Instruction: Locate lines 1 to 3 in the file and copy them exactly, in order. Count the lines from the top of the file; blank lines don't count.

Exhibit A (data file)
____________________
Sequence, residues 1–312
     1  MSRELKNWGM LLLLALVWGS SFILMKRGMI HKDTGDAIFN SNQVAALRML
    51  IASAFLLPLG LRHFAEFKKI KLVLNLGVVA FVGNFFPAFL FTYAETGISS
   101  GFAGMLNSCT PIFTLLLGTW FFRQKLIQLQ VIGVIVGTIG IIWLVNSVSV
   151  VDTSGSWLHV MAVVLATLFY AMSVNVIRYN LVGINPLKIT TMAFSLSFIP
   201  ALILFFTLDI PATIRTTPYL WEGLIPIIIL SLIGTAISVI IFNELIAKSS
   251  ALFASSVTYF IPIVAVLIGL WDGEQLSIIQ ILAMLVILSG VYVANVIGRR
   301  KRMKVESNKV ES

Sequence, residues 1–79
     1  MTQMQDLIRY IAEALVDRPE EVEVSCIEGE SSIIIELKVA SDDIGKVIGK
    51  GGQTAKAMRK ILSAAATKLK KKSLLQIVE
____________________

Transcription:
Sequence, residues 1–312
     1  MSRELKNWGM LLLLALVWGS SFILMKRGMI HKDTGDAIFN SNQVAALRML
    51  IASAFLLPLG LRHFAEFKKI KLVLNLGVVA FVGNFFPAFL FTYAETGISS